I was recently offered an amazing job on the West Coast, so I’ll have to sell my house as soon as possible. Everybody says that December and January are terrible months for selling. Are there any special considerations I need to think about?

First of all, congratulations on the new job!

One consideration you definitely need to think about in December and January is safety. Selling your home involves welcoming parades of visitors into your living space, sometimes on short notice so it’s very important to keep outdoor walkways and stairs free from ice and snow.

December and January can be challenging months for home sellers, but remember: if somebody takes the time to look at your house in the dead of winter, they’re probably pretty serious about making a move.

Your first step is to find a real estate salesperson who understands those challenges, and can adjust the marketing strategies accordingly. Even if you have to make a quick sale, it’s still a good idea to shop around and meet as many candidates as you can to determine your best listing agent. Don’t be afraid to ask questions about experience, services, references, fees and commissions, availability during the holidays, and anything about how they plan to market your house.

For example, you could ask about holiday decorations: will they help you sell your place, and how much is too much? A string of Christmas lights and a wreath on the door might be nice touches, but what about a giant inflatable Santa Claus on the front lawn? Your sales representative may have experience in the art of staging homes for viewing, and knows what appeals to buyers and what doesn’t, so be sure to have this conversation. They may suggest different strategies when beautiful summer plants aren’t visible in the dead of winter. When I bought our home in December, that seller had photos that showed it in the summer. I found that very helpful.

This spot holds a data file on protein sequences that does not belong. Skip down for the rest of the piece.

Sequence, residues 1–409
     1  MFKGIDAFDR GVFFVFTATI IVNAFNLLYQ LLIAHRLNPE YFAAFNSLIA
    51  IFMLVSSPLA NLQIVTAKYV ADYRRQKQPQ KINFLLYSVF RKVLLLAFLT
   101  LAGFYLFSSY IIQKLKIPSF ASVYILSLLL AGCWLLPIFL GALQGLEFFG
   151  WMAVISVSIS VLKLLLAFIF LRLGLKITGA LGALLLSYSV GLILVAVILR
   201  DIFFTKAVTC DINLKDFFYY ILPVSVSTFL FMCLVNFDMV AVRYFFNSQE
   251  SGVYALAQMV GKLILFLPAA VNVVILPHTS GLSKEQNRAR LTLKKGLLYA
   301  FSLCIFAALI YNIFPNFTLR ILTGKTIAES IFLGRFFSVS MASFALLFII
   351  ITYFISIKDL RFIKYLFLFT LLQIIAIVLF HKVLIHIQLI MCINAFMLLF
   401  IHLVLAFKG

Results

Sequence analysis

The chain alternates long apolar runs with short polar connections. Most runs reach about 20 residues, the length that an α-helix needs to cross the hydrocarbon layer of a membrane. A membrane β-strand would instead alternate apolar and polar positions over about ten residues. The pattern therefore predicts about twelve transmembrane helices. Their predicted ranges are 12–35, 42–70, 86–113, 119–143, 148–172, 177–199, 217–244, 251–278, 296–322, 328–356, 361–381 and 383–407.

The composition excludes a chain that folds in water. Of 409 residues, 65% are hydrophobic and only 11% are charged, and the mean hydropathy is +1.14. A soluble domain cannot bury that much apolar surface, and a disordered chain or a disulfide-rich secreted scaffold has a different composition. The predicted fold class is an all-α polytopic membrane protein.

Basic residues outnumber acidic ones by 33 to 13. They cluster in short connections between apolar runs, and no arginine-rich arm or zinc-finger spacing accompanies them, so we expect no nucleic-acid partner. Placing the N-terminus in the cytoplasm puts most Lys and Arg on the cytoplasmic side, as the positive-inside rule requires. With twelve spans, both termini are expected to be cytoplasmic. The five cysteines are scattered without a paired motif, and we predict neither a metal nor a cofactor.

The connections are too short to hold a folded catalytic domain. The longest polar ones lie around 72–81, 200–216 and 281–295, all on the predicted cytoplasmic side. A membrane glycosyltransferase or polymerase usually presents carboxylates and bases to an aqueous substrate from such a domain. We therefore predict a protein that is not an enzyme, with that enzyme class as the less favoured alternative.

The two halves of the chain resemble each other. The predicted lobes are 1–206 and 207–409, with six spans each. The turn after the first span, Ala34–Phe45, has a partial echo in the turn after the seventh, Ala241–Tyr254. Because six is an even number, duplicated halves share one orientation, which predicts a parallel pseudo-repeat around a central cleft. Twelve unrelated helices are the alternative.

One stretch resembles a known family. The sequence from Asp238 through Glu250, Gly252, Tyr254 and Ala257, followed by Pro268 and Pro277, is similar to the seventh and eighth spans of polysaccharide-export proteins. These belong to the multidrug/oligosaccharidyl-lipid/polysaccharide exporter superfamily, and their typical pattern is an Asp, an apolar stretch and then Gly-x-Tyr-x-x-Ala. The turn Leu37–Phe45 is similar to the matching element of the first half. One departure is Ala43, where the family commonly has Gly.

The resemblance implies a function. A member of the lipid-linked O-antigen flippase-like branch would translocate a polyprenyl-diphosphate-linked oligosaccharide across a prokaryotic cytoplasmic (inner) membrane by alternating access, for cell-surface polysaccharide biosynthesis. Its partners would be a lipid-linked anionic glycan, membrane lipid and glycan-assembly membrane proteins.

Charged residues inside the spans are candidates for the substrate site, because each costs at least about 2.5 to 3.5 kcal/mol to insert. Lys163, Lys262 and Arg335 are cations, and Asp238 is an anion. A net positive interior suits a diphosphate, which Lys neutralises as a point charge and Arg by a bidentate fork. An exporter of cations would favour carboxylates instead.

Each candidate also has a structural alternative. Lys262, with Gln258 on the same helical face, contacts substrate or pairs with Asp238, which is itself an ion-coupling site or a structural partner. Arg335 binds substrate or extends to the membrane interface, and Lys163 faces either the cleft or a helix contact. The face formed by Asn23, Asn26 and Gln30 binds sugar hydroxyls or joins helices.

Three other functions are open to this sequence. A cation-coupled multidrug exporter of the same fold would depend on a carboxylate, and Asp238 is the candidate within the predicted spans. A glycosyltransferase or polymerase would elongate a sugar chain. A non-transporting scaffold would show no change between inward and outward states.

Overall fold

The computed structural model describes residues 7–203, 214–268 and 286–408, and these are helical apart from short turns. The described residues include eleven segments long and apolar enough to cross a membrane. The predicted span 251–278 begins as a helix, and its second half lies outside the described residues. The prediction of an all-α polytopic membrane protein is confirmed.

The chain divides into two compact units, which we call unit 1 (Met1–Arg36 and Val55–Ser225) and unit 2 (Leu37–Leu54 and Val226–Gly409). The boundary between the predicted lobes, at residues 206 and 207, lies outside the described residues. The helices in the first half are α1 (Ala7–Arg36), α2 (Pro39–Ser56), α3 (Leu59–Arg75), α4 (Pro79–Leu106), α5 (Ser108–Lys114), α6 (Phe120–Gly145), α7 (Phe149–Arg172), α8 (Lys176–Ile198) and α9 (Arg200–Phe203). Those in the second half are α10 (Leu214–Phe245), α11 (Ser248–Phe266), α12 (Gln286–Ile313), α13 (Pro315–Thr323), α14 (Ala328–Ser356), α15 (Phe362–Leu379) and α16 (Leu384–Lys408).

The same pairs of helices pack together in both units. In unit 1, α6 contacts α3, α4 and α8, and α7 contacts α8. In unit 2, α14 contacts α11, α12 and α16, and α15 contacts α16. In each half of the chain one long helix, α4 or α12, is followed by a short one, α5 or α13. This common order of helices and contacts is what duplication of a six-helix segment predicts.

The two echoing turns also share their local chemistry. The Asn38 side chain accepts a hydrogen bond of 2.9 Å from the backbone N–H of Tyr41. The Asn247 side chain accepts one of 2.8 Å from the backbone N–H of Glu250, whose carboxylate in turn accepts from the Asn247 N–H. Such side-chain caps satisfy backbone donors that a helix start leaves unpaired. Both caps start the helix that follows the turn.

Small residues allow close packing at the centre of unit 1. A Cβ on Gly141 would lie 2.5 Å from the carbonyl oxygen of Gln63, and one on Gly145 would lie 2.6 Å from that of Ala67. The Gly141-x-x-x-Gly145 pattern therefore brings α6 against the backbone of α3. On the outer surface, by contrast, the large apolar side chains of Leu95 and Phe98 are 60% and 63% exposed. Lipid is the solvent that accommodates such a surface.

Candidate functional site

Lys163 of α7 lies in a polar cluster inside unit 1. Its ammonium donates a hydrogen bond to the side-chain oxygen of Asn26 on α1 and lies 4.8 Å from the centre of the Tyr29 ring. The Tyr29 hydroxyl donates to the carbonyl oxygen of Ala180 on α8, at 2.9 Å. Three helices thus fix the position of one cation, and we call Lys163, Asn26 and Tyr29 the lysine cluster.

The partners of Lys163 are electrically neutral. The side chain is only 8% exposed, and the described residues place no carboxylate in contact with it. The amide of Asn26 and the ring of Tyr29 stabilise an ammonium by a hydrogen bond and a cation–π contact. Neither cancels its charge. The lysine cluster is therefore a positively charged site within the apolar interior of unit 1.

Real estate salespeople are trained and knowledgeable professionals who can guide you through the sales process. Listen to their advice, but always keep in mind that you’re in the driver’s seat. It’s your house up for sale, and only you can accept or reject an offer.

If you aren’t sure how much money you want for your house, your salesperson can provide you with the listing prices, selling prices and other attributes of homes that recently sold in your neighbourhood, as well as a useful analysis of the relevant information. All of which is an excellent starting point for establishing a listing price.

Still, if you need more information than just a ballpark figure derived from local sales numbers, and you’re concerned about the effect the winter-selling season may play in negotiating a final sales price, you can always get a formal appraisal of your home’s value from a designated appraiser. Your representative can help you make that decision. But keep in mind that some real estate salespeople have completed the additional necessary course work themselves, and are qualified to perform appraisals. That’s an issue you may wish to discuss when you interview potential candidates.

People buy and sell homes year-round in Canada. Your best strategy for success is to make your home look neat and presentable, remove any ice or snow from outdoor stairs and walkways, and set a listing price that works with your strategy.

Joseph Richer is Registrar of the Real Estate Council of Ontario (RECO). He is in charge of the administration and enforcement of all rules that govern real estate professionals in Ontario. You can find more tips at reco.on.ca, follow on Twitter @RECOhelps or on YouTube at http://www.youtube.com/RECOhelps.

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